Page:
Biology Professor Receives NSF CAREER Award to Study Diatoms
Andrew Alverson, an assistant professor in the Department of Biological Sciences in the J. William Fulbright College of Arts and Sciences, received a Faculty Early Career Development (CAREER) award from the National Science Foundation for his work on the evolution of diatoms, a group of microscopic algae that originated in the ocean.
Alverson's research will focus on identifying the adaptations that allowed some diatoms to successfully colonize and diversify in fresh waters - a hostile habitat to marine colonists. The marine-freshwater divide is one of the strongest environmental barriers to the distribution of microbes of all kinds.
With an estimated 100,000 species, diatoms are one most diverse groups of microalgae. They are small enough that dozens could fit on the head of a pin and are found almost anywhere there is water and sunlight. The fact that they originated in saltwater and have repeatedly adapted to freshwater creates a unique opportunity to study how organisms adapt to and thrive in new environments.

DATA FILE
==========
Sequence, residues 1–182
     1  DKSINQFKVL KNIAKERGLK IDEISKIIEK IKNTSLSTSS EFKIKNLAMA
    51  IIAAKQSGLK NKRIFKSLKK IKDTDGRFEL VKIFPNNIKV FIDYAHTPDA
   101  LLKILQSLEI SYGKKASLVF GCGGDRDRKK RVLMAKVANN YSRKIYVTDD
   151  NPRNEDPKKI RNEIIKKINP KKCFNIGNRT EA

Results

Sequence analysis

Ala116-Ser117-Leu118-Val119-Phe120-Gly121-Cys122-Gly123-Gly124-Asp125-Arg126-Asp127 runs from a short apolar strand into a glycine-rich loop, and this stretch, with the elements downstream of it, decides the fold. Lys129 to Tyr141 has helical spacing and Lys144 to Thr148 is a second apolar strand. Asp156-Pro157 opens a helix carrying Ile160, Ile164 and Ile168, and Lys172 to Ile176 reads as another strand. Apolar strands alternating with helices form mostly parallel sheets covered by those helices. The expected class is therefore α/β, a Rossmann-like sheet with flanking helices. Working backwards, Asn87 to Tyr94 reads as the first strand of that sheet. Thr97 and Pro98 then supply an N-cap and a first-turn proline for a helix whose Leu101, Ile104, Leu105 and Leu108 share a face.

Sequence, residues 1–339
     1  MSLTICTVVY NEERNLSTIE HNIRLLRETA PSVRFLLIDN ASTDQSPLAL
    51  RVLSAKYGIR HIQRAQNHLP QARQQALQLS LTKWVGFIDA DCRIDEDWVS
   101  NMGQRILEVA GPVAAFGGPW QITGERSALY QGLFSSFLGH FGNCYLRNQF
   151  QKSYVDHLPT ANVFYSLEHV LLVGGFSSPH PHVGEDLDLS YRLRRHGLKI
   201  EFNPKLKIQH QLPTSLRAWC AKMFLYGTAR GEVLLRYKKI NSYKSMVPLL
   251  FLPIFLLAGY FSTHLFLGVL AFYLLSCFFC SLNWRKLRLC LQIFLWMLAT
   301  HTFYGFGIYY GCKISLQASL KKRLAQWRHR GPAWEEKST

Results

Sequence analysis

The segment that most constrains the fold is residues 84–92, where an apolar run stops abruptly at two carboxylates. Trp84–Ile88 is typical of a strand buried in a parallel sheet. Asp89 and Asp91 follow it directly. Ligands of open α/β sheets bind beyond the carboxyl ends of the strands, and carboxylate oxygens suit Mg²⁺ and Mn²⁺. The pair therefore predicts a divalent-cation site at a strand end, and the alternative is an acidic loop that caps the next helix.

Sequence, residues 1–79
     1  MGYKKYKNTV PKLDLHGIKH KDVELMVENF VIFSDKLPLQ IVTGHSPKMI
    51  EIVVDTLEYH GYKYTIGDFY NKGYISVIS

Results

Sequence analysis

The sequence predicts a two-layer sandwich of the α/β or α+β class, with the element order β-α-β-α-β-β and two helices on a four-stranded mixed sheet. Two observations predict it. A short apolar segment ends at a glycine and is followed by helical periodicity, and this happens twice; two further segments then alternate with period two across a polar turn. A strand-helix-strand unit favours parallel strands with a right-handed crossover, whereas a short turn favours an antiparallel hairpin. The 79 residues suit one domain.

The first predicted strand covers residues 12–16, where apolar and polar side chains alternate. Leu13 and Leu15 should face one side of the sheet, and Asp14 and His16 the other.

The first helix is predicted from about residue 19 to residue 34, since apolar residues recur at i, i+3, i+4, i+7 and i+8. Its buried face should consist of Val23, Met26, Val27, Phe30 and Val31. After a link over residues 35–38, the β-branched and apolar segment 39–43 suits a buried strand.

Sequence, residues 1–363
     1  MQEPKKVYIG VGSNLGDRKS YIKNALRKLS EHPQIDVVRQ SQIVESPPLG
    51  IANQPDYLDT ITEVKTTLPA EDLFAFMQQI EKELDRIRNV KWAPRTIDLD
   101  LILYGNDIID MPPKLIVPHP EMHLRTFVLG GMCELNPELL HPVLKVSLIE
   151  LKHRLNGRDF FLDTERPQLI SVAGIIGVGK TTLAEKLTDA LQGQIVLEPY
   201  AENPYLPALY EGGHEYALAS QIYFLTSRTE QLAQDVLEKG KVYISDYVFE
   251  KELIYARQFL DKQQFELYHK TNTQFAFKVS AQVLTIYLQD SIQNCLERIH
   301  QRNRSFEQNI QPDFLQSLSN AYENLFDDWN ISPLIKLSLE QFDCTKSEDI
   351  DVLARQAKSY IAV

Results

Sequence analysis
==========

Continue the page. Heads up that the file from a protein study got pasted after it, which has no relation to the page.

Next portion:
CAREER awards are among the most prestigious offered by the NSF. They provide support for five consecutive years and are given to junior faculty who display excellence in leadership, research, and teaching. They are granted once a year and only given to individuals, not research teams. Alverson's total award is $1.11 million.
CAREER awards include a creative program of educational outreach. Because diatoms are both ubiquitous — they exist in every body of water on earth — small, and easy to collect, they are amenable to citizen science projects. Alverson will invite school and community groups from across the U.S. to send water samples from their favorite local bodies, and Alverson and his lab members will help these groups identify and catalog the diatoms from these sites. A project website will allow citizen scientists to better understand the ecology of their local water bodies. These samples will, in turn, provide Alverson's group with potentially valuable samples for his research.
"I feel very fortunate to have received this award. The project is one that I've been thinking about since I was a graduate student, so this has been a long time in the making," he said. The award will support a post-doc and several graduate and undergraduate researchers.
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